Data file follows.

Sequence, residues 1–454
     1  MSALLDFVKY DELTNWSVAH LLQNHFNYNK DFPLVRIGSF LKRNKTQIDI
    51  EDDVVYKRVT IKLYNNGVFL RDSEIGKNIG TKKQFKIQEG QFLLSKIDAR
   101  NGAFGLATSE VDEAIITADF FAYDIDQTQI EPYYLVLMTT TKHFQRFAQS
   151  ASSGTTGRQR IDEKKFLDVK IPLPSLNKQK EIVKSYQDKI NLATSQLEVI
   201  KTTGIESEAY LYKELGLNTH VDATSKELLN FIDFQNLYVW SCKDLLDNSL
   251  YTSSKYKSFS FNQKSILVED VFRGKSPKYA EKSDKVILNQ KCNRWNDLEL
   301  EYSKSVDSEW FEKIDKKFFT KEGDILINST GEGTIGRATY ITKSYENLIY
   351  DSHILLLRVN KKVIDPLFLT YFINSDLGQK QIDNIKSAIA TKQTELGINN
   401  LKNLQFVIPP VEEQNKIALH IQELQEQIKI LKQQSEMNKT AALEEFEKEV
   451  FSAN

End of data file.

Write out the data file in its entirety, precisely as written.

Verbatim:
Sequence, residues 1–454
     1  MSALLDFVKY DELTNWSVAH LLQNHFNYNK DFPLVRIGSF LKRNKTQIDI
    51  EDDVVYKRVT IKLYNNGVFL RDSEIGKNIG TKKQFKIQEG QFLLSKIDAR
   101  NGAFGLATSE VDEAIITADF FAYDIDQTQI EPYYLVLMTT TKHFQRFAQS
   151  ASSGTTGRQR IDEKKFLDVK IPLPSLNKQK EIVKSYQDKI NLATSQLEVI
   201  KTTGIESEAY LYKELGLNTH VDATSKELLN FIDFQNLYVW SCKDLLDNSL
   251  YTSSKYKSFS FNQKSILVED VFRGKSPKYA EKSDKVILNQ KCNRWNDLEL
   301  EYSKSVDSEW FEKIDKKFFT KEGDILINST GEGTIGRATY ITKSYENLIY
   351  DSHILLLRVN KKVIDPLFLT YFINSDLGQK QIDNIKSAIA TKQTELGINN
   401  LKNLQFVIPP VEEQNKIALH IQELQEQIKI LKQQSEMNKT AALEEFEKEV
   451  FSAN